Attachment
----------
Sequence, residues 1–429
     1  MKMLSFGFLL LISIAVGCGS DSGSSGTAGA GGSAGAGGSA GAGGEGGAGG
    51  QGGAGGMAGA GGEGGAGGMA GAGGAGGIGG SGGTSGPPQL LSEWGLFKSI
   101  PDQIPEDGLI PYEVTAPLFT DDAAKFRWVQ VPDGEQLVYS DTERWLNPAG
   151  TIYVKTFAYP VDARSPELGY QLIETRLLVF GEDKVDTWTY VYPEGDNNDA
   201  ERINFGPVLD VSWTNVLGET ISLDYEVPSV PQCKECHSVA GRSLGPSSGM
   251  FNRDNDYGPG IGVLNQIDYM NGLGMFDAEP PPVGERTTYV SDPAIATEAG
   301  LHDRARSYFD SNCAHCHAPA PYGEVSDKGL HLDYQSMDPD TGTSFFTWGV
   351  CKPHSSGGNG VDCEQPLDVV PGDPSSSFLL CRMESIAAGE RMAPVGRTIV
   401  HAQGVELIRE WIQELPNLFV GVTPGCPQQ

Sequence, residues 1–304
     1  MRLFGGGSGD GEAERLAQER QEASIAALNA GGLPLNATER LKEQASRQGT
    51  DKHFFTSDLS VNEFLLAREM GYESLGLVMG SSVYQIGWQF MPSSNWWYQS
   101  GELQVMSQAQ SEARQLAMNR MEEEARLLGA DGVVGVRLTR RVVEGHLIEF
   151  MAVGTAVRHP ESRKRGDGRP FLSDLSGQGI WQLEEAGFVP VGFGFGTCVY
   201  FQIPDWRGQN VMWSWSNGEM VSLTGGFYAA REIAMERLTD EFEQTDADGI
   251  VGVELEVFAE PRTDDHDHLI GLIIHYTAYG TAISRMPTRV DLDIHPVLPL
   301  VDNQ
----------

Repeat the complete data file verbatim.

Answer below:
Sequence, residues 1–429
     1  MKMLSFGFLL LISIAVGCGS DSGSSGTAGA GGSAGAGGSA GAGGEGGAGG
    51  QGGAGGMAGA GGEGGAGGMA GAGGAGGIGG SGGTSGPPQL LSEWGLFKSI
   101  PDQIPEDGLI PYEVTAPLFT DDAAKFRWVQ VPDGEQLVYS DTERWLNPAG
   151  TIYVKTFAYP VDARSPELGY QLIETRLLVF GEDKVDTWTY VYPEGDNNDA
   201  ERINFGPVLD VSWTNVLGET ISLDYEVPSV PQCKECHSVA GRSLGPSSGM
   251  FNRDNDYGPG IGVLNQIDYM NGLGMFDAEP PPVGERTTYV SDPAIATEAG
   301  LHDRARSYFD SNCAHCHAPA PYGEVSDKGL HLDYQSMDPD TGTSFFTWGV
   351  CKPHSSGGNG VDCEQPLDVV PGDPSSSFLL CRMESIAAGE RMAPVGRTIV
   401  HAQGVELIRE WIQELPNLFV GVTPGCPQQ

Sequence, residues 1–304
     1  MRLFGGGSGD GEAERLAQER QEASIAALNA GGLPLNATER LKEQASRQGT
    51  DKHFFTSDLS VNEFLLAREM GYESLGLVMG SSVYQIGWQF MPSSNWWYQS
   101  GELQVMSQAQ SEARQLAMNR MEEEARLLGA DGVVGVRLTR RVVEGHLIEF
   151  MAVGTAVRHP ESRKRGDGRP FLSDLSGQGI WQLEEAGFVP VGFGFGTCVY
   201  FQIPDWRGQN VMWSWSNGEM VSLTGGFYAA REIAMERLTD EFEQTDADGI
   251  VGVELEVFAE PRTDDHDHLI GLIIHYTAYG TAISRMPTRV DLDIHPVLPL
   301  VDNQ